|12:30 PM PT1:30 PM MT2:30 PM CT3:30 PM ET19:30 GMT3:30 12:30 PM MST2:30 PM EST23:30 UAE21:3015:30 ET2:30 PM CTNaN:� , September 24, 2017
Williams Arena, Minneapolis, Minnesota Attendance: 11,823
Gray's shot gives Sparks series lead over Lynx
(TSX / STATS) -- MINNEAPOLIS -- It was unseasonably hot outside the arena in Minnesota. Inside, the Los Angeles Sparks found a way to start even hotter, and won on an ice-cold shot at the finish.
Chelsea Gray hit a fall away jumper with two seconds left as the Sparks escaped with an 85-84 win over the Minnesota Lynx in Game 1 of the WNBA Finals on Sunday.
Gray's dramatic shot occurred after they surrendered a massive lead and fell behind for the first time in the final minute.
"I think all athletes dream of that moment, especially at this magnitude and on this stage, you think of hitting that shot," Gray said. "I'm glad it went in. I think we drew up a play and my teammates had confidence in me to knock it down."
Gray led Los Angeles with 27 points, while Odyssey Sims had 16 for the Sparks, who took over home-court advantage in the series. Candace Parker was their top rebounder with 12. The game had four lead changes, all of them in the final minute of play.
"We found a way to get the ball in the right person's hands," Sparks coach Brian Agler said. "Chelsea Gray made some very, very big plays throughout the course of the game, especially down the stretch."
The Sparks scored the game's first dozen points and led by as many as 26 in the first quarter, then overcame the second-half charge by the Lynx to take a 1-0 lead in the best-of-five series.
The Lynx battled back from the rough start and took their first lead of the game at 82-81 with 49.8 seconds remaining, when Seimone Augustus hit a 3-pointer. When Maya Moore scored on a layup for an 84-83 lead with 6.5 seconds left, it looked like a miracle comeback.
But Gray's final shot ended it.
Moore led the Lynx with 27 points while Sylvia Fowles had 22. Fowles was the game's top rebounder with 13.
While Minnesota made just one of its first 11 shots, its defense was struggling, opening the door for Los Angeles to sprint from the gate. The Sparks blasted their way to a 28-2 lead at one point, hitting a quartet of 3-pointers and quieting the Minnesota crowd.
"Everybody's going to talk about what a great comeback it was, but that's not the world we live in," Lynx coach Cheryl Reeve said. "That means absolutely nothing to us. It's more what we did in the early part of the game that we're focused on. Obviously pretty disappointed that happened."
The Sparks out-rebounded Minnesota 13-0 in the first quarter and emerged with a 32-11 lead after the opening 10 minutes. Lynx guard Lindsay Whalen put up a 41-foot shot at the first quarter buzzer that went in, but after review the 3-pointer was waved off, as it was released after the horn sounded.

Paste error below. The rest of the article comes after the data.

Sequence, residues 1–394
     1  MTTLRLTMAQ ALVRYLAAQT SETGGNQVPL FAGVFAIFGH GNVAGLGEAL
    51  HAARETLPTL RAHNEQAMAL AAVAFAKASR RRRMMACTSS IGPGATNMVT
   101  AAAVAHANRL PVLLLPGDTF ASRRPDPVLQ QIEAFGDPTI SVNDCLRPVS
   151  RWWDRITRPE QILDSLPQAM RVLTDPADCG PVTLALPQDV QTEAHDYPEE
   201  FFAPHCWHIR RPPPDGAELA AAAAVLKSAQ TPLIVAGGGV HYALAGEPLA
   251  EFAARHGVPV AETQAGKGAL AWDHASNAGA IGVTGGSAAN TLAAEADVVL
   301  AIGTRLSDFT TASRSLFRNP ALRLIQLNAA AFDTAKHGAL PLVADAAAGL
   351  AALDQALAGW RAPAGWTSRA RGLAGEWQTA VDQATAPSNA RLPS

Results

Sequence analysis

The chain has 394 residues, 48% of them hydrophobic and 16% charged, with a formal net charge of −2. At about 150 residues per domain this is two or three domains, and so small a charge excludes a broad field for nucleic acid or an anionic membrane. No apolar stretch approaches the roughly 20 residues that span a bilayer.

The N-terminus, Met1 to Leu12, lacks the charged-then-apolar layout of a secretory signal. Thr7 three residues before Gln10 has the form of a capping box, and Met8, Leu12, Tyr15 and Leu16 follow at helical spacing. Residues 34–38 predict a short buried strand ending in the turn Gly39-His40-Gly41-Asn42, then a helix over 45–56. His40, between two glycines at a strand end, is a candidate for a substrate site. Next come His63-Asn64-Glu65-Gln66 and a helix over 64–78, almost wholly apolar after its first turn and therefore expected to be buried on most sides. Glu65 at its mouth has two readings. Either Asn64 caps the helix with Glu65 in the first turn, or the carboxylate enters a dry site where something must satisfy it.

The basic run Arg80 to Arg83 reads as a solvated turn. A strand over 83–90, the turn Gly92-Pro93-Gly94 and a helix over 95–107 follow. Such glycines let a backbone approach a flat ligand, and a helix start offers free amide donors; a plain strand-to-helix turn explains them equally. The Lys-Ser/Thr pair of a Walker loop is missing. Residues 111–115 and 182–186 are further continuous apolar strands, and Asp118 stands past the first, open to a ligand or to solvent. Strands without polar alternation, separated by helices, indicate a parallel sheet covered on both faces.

Minnesota chipped away in the second quarter and cut the Los Angeles lead to 10, with the Sparks up 43-33 at halftime. Moore led all first-half scorers with 14 points, while Sims led the Sparks with 11. Candace Parker was the Sparks' top first half rebounder with seven, while Fowles had five rebounds for Minnesota, all of them in the second quarter.
The Lynx started the second half strong and cut the Los Angeles lead to 50-45, but the Sparks kept getting open for shots and prevented the home team from closing the gap in the third quarter. Essence Carson's long-range jumper with 1.9 seconds left in the third gave the Sparks a 68-56 lead that they took into the final quarter.
"It took us too long to adjust, but it's not anything that we haven't seen before," Moore said. "Eventually we got our wheels going and we're going to carry that momentum into Game 2."
Game 2 is Tuesday night in Minneapolis.
NOTES: Members of the Lynx and their coaches stood at attention with arms linked while the national anthem was played prior to the game. The Sparks' players left the court prior to the song and were in their locker room. They were greeted with some boos upon returning to the court when the song concluded. ... The winner of this series will earn their franchise's fourth WNBA title. That will tie either Los Angeles or Minnesota with the now-defunct Houston Comets for most titles in league history. ... The Sparks, who beat Minnesota in the finals last season, can become the WNBA's first repeat champion since Los Angeles won the 2001 and 2002 league titles. ... The arena's lower bowl was a sea of white on Sunday after the Lynx gave out a t-shirt to each ticket holder congratulating C Sylvia Fowles on her league MVP award.
Updated September 24, 2017